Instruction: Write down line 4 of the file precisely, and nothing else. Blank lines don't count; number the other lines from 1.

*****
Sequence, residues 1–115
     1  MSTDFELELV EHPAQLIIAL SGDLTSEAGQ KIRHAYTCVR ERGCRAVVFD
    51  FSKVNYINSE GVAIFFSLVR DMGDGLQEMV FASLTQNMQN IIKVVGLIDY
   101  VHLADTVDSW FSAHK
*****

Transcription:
   101  VHLADTVDSW FSAHK